THR: How much then did the story of making this film echo the experience of making it – being thrown into a set of circumstances you weren’t necessarily that familiar with?
Decker: There were a lot of parallels. It was my second movie and my first one had yet to come out; I was terrified, obviously, going into this, but the biggest driving force for me wanting to do it was the fact that Peter Berg was directing it. I’m a huge fan of his work and I love that if you look at every female in every movie that he makes, they’re always very dynamic; I mean, you look at Charlize [Theron] in Hancock, and she’s strong, she’s angry, she’s witty. They’re always very dynamic. So I wanted to be directed by this guy who is very well-respected and well-liked by actors. But it’s very scary – it’s a huge movie for Universal, for Pete, for all of the actors, and so obviously there’s a very intimidating part of it. Rihanna was new, I was new, Greg Gadson was new, so there were a lot of us kind of coming into this for the first time, so I think what Sam was going though and what I was going through as an actor, there were a lot of similarities – minus the aliens, unless you count Pete (laughs).
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THR: How did Pete handle the newcomers differently than the other actors, or did he maybe treating you like everyone else help you feel more comfortable on set?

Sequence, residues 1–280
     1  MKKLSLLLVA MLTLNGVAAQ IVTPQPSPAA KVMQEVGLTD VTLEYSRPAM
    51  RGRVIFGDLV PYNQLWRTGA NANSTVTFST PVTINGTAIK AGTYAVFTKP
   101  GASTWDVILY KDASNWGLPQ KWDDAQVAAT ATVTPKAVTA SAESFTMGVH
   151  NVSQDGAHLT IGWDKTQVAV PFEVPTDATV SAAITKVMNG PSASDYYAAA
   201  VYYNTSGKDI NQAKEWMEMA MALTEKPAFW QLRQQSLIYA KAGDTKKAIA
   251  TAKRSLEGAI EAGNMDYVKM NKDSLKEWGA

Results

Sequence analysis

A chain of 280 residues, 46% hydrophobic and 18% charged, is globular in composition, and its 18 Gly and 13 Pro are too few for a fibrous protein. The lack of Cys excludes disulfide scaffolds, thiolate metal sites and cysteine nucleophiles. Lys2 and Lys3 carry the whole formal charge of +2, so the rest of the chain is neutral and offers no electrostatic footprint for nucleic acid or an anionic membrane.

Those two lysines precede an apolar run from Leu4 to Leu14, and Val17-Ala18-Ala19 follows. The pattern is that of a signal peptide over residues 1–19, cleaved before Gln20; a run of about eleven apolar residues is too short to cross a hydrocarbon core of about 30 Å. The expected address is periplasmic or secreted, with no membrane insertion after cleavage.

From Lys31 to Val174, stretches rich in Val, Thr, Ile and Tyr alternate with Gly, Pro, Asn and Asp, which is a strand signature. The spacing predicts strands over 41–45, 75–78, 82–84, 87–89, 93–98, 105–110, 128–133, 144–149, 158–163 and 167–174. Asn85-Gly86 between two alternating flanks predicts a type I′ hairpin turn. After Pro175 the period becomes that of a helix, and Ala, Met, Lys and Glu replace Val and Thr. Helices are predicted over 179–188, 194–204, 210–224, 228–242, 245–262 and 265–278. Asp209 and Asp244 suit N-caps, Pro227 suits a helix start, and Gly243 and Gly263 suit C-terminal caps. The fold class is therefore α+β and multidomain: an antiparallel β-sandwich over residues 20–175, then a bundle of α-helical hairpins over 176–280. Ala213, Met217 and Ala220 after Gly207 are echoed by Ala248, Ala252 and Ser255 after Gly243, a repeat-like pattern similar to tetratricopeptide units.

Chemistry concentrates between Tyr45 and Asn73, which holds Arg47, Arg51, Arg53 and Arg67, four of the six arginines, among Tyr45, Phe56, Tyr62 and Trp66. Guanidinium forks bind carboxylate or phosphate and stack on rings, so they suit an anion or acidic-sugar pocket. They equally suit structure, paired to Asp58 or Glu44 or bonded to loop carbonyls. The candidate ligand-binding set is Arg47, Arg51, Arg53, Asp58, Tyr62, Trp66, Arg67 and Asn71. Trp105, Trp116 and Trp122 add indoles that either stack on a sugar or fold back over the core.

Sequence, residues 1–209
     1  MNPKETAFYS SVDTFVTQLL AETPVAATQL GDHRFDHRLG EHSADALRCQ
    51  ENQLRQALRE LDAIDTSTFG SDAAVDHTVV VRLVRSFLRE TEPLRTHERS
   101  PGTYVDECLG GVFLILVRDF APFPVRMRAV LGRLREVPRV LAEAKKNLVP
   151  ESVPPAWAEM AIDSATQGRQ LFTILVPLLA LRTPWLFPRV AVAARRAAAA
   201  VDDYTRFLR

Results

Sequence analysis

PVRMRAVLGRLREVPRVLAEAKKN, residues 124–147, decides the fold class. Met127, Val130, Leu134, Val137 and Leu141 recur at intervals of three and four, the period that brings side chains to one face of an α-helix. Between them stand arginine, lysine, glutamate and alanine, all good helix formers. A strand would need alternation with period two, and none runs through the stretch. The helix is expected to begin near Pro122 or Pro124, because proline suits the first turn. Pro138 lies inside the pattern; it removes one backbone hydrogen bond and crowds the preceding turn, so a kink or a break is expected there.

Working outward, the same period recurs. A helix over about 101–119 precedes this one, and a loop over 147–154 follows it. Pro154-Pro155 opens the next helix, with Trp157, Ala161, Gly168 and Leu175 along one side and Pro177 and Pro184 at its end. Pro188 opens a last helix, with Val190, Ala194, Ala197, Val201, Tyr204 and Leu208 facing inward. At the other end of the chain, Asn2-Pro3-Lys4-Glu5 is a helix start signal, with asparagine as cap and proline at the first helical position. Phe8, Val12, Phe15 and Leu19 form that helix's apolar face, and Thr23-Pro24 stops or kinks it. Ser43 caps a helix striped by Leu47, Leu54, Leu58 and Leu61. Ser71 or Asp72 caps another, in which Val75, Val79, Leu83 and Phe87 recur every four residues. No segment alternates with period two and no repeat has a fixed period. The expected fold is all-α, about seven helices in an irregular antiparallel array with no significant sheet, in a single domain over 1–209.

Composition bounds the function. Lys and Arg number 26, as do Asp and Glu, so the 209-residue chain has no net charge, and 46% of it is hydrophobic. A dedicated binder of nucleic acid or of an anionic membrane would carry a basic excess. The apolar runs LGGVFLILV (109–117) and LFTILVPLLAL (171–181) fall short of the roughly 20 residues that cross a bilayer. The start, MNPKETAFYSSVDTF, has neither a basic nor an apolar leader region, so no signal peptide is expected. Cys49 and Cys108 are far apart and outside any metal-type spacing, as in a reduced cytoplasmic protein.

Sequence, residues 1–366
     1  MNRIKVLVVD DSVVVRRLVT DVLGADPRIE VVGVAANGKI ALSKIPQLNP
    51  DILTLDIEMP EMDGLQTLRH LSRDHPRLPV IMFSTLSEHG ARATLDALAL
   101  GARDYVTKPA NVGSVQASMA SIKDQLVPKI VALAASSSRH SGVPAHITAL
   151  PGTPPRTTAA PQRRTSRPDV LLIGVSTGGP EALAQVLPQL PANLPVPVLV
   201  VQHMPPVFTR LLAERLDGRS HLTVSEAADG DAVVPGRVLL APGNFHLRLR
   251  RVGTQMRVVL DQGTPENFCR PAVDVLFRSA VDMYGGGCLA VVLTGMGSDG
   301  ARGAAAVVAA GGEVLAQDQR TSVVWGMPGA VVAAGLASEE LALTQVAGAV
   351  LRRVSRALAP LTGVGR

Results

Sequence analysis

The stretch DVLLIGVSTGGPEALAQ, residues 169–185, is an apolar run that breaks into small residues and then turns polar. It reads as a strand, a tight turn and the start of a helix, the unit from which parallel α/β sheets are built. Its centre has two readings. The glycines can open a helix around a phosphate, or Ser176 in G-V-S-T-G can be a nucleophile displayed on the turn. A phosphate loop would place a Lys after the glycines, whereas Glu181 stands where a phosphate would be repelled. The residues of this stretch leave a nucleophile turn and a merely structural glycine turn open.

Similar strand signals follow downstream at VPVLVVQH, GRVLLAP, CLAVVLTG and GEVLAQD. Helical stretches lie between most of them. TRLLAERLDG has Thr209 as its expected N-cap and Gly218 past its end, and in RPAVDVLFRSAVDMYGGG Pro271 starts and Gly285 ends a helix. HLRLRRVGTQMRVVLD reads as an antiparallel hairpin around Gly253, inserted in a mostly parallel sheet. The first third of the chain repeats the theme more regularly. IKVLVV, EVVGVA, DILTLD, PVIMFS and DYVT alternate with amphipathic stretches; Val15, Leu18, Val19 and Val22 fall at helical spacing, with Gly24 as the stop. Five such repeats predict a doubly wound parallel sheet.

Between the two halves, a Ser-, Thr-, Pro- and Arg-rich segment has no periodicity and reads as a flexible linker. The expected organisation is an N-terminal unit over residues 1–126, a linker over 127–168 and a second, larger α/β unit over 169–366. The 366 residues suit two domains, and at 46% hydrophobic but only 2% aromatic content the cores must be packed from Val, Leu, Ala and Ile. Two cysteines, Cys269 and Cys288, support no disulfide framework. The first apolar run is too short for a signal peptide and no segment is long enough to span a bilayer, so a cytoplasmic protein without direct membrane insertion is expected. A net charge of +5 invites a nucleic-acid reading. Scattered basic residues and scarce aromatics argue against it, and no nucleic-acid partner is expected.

Decker: I think Pete is one to break barrier very fast. If you look at him in an interview, he’s very personal, and that’s how he works. My first audition with him was very physical – he told me he wanted to see snot bubbles coming out of my nose, quote verbatim from his mouth. That’s what he told me, so I had to make that happen in the audition room. And when you have snot bubbles coming out of your mouth, the barriers drop very quickly. So as far as the process goes, Pete will do anything to get what he wants from an actor, whether that’s hiding in the bushes and firing off a machine gun, which he did, or whether it’s pushing an actor into something so that they physically feel jolted. He will do anything he can to get what he wants from an actor. He was an actor and he is an actor, and he knows how to work with everyone, so I think he was quite physical and intimate with all of us; I mean, Kitsch and he obviously have an existing relationship because of Friday Night Lights, so I’m sure their relationship’s a little different there. But he’s pretty tough with all of us, and open, so there are very few barriers with Pete.
THR: How much is this a different phase of your career from doing modeling, as opposed to maybe a parallel interest you’re pursuing? Do you want to move into acting?
Decker: I’m certainly not doing acting to increase my star power by any means; if that were the case, I would have my own clothing line and be doing everything I could. But I’m not – I’m doing this, and I haven’t done a photo shoot for modeling since November 2010. I haven’t done a photo shoot in forever, but I’m studying and I’m working my butt off and I’ve been fully committed to studying and working for almost two years now. So this is it.